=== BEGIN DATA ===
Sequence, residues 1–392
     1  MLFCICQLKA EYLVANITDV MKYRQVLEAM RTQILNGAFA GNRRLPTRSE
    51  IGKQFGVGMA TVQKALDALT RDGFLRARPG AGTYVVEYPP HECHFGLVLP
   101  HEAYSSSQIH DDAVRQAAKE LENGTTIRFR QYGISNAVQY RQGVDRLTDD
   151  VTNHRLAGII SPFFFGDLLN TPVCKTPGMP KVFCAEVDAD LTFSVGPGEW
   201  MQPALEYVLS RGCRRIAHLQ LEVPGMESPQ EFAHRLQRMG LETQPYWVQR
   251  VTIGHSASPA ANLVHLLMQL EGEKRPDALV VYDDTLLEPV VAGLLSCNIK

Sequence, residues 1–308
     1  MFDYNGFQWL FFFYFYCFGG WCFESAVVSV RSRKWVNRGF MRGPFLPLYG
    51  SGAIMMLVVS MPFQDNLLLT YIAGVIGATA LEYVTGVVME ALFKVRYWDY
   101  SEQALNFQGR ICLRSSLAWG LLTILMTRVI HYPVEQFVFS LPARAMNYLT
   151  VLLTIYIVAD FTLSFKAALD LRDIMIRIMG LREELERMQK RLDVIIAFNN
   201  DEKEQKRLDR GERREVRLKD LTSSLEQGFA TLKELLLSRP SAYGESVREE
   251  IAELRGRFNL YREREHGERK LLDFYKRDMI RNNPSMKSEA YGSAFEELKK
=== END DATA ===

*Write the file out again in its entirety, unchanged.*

Sequence, residues 1–392
     1  MLFCICQLKA EYLVANITDV MKYRQVLEAM RTQILNGAFA GNRRLPTRSE
    51  IGKQFGVGMA TVQKALDALT RDGFLRARPG AGTYVVEYPP HECHFGLVLP
   101  HEAYSSSQIH DDAVRQAAKE LENGTTIRFR QYGISNAVQY RQGVDRLTDD
   151  VTNHRLAGII SPFFFGDLLN TPVCKTPGMP KVFCAEVDAD LTFSVGPGEW
   201  MQPALEYVLS RGCRRIAHLQ LEVPGMESPQ EFAHRLQRMG LETQPYWVQR
   251  VTIGHSASPA ANLVHLLMQL EGEKRPDALV VYDDTLLEPV VAGLLSCNIK

Sequence, residues 1–308
     1  MFDYNGFQWL FFFYFYCFGG WCFESAVVSV RSRKWVNRGF MRGPFLPLYG
    51  SGAIMMLVVS MPFQDNLLLT YIAGVIGATA LEYVTGVVME ALFKVRYWDY
   101  SEQALNFQGR ICLRSSLAWG LLTILMTRVI HYPVEQFVFS LPARAMNYLT
   151  VLLTIYIVAD FTLSFKAALD LRDIMIRIMG LREELERMQK RLDVIIAFNN
   201  DEKEQKRLDR GERREVRLKD LTSSLEQGFA TLKELLLSRP SAYGESVREE
   251  IAELRGRFNL YREREHGERK LLDFYKRDMI RNNPSMKSEA YGSAFEELKK